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Under the Statue

The first time I came to Lewis's
just over from Dublin 1952
just after the statue
had been put up
we were on the back of the open deck bus
and the driver said 'Look'
and I did and I was very embarrassed.
I was only sixteen!
I remember
we came from Scotland Road
and I never felt quite good enough for it. There
were white tableclothes on the tables
and I'd never seen these before.
An orchestra playing in the corner,
puff pastry, jam and cream,
cut into four for a piece each.
It's the last one left.
Remember Blacklers, all gone.
I remember
the cups of tea in the tea bar
and the struggles in the restaurant queue.
I got a peach-coloured suit from here.
I remember
in 1985 I was in the catering department.
You couldn't work without tights on.
I remember
in this café we've shared bereavements.
We know so many of our customers.
Listening to people - people with problems.
A women who just found out
she'd got cancer, having a cup of tea.
I remember
my mum bought me my first
3 piece suite from here in 1964.
It was a bed settee with 2 chairs.
It had long legs and was a reddy
pinky colour. The dog ripped it to shreds
in Christmas week and the repairer came out
at new year to repair it - imagine that!
I remember
I was with my mum.
I didn't live in Liverpool.
at the time and thought it seemed massive,
a landmark. A meeting place for friends,
old and new. A shop full of clothes
that I could not wait to buy.
I remember
my dad was in a Welsh choir.
One year they had an Eiesteddfod here.
I remember
the German sausages in the foodhall
and the posh café on the third floor.
I remember
10th October 1966
I got a job on the wig department
I was a hairdresser
before I've been here for 40 years.
There was no edge to anyone
Everyone was friendly.
I work with all sorts of people
People with cancer
People with bad haircuts
People who are poorly.
I remember
64 years ago I married a soldier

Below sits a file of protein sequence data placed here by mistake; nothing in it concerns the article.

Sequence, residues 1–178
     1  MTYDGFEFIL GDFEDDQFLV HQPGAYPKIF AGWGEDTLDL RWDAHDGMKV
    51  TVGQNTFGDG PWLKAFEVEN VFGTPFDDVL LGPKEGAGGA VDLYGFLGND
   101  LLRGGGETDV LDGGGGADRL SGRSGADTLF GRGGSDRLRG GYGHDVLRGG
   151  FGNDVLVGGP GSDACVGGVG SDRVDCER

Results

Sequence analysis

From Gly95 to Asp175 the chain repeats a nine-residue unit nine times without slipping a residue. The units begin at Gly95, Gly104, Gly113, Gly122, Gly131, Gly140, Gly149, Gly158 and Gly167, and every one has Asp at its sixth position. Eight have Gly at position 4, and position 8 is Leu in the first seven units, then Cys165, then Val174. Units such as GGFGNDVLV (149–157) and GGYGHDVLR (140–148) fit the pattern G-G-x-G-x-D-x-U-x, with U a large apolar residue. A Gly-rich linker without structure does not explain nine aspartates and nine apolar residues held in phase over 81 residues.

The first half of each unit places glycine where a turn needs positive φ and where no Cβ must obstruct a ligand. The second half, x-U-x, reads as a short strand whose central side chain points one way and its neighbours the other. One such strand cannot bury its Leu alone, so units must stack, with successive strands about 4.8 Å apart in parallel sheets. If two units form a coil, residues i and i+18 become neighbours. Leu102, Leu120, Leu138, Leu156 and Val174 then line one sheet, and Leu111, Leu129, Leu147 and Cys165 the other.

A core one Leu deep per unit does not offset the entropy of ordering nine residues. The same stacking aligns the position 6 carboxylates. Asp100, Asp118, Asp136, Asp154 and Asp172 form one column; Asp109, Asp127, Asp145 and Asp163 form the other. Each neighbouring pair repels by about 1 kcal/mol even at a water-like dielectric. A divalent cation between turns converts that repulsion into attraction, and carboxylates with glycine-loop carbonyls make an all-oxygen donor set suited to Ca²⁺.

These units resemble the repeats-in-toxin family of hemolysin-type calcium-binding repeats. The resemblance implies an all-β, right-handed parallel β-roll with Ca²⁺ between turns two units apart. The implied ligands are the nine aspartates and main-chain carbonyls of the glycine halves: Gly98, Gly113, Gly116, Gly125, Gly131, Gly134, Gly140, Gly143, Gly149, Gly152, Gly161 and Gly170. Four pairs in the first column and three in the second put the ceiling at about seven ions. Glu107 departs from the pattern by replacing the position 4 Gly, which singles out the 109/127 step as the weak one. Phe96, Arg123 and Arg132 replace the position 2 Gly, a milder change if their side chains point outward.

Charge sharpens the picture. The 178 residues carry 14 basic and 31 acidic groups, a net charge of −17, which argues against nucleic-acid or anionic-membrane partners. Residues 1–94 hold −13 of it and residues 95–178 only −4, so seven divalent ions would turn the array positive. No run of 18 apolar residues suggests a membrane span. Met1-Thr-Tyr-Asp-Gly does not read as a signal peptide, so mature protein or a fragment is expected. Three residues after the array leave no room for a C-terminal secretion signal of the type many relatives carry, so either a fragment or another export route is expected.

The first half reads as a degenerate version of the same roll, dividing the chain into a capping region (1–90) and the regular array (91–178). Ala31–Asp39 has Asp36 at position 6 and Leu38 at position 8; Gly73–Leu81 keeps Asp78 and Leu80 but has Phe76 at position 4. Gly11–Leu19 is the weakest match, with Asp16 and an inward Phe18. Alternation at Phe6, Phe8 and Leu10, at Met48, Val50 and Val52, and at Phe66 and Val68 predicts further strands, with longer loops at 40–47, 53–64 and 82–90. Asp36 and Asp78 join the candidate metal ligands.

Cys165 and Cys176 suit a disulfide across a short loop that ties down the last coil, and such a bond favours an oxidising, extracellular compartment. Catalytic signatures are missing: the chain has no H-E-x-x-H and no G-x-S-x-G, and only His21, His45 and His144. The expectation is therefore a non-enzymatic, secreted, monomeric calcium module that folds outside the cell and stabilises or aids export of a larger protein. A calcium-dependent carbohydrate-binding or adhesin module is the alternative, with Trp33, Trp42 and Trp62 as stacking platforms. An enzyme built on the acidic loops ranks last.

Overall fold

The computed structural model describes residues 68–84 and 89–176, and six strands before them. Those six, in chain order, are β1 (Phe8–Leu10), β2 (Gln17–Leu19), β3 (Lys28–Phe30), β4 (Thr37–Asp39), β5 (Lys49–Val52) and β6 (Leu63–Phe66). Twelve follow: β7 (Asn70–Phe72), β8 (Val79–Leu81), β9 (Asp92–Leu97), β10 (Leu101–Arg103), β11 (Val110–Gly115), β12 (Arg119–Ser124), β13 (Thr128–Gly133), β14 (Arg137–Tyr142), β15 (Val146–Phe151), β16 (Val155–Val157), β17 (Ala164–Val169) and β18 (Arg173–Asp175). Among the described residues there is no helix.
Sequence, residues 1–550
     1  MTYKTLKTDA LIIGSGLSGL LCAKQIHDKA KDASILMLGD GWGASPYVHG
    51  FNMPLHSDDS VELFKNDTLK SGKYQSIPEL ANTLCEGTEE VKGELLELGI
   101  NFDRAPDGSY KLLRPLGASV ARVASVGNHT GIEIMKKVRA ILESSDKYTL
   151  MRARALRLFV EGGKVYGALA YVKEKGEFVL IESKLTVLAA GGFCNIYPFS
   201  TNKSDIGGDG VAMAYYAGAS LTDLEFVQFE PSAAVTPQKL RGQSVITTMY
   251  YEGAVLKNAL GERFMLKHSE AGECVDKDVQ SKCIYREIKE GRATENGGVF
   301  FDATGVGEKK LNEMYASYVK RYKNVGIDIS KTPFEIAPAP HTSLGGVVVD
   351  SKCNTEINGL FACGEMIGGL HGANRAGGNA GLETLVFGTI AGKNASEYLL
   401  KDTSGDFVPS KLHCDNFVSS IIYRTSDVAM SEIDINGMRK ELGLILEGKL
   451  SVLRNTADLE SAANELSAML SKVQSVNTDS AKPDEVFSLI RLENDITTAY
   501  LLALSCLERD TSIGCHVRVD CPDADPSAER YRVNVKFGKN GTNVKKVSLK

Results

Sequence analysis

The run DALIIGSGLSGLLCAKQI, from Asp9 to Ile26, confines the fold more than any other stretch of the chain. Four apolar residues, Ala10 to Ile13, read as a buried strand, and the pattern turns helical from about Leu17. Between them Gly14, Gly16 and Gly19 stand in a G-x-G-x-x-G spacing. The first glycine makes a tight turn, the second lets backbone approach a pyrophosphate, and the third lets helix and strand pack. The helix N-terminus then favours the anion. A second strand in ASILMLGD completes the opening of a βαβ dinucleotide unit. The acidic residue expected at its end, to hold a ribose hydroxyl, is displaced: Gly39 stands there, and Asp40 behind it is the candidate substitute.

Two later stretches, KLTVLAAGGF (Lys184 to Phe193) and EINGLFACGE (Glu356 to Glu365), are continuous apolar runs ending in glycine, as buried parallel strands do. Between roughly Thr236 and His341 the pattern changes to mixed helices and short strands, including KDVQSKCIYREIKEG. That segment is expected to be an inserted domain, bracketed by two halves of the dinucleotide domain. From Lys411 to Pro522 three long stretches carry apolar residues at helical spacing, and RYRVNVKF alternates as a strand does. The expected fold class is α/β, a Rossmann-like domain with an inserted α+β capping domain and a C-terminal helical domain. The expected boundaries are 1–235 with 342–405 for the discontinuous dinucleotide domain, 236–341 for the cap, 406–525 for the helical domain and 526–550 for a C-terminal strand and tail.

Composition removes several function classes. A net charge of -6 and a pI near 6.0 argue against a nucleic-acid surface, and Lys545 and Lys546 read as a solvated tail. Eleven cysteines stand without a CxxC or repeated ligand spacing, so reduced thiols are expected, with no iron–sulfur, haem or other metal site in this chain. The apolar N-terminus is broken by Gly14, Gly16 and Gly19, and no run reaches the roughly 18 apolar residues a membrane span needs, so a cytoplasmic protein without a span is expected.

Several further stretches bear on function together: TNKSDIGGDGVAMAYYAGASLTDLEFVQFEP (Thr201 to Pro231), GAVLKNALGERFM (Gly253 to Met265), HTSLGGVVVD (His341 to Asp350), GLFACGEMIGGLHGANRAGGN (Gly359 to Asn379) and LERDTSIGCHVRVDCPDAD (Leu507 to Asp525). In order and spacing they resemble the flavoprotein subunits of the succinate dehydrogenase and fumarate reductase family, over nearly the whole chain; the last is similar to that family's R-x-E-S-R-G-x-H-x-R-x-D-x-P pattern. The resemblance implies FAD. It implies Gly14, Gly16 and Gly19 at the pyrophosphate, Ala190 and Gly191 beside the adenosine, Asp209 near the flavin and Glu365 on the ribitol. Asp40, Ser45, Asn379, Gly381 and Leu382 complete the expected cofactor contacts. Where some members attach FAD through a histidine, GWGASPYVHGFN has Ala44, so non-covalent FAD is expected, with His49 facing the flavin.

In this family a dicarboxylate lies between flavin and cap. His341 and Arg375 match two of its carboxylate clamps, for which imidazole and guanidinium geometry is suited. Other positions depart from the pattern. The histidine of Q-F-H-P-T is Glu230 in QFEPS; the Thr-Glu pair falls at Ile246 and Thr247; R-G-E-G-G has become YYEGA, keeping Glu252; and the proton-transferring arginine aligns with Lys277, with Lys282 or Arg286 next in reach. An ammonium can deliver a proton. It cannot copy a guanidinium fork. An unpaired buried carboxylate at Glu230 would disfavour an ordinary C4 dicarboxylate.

and came to Liverpool.
It was a lovely store in those days.
I came from a country village.
I remember bringing my boys to the grotto.
My eldest is now 62.
The youngest 52.
I remember
being stood up here.
I came on a date and ended up standing
under Dickie Lewis on my own.
It was probably one of the first dates I'd been on.
I remember
I lost my daughter - she was only 3.
I had to go upstairs to find her.
She's 55 now.
She was crying - very upset.
Her nose was running down her face.
I remember
trying to squeeze my brother into a coat.
The shop assistant had to say he looked
like George Best in it to try to persuade him
to put it on, but he didn't want to know.
I remember
when I was 5 I came here to the hairdressers.
You could sit on different animals to get your hair done -
horses, elephants.
I remember
my father was a seafarer and when he was home
he brought us into town
with my mother and the five children.
Our treat for the day was fruit on a stick
covered in chocolate - which
he bought from the foodhall.
I remember
everytime we came past the building
my mum used to say 'Look kids there's your dad'
pointing to the statue.
It's a tradition that shouldn't
be allowed to fold
I will continue to meet
'under the statue'
I used to go to Lewis's
And enjoy the fashion shows
Why? They are closing it
I don't really know.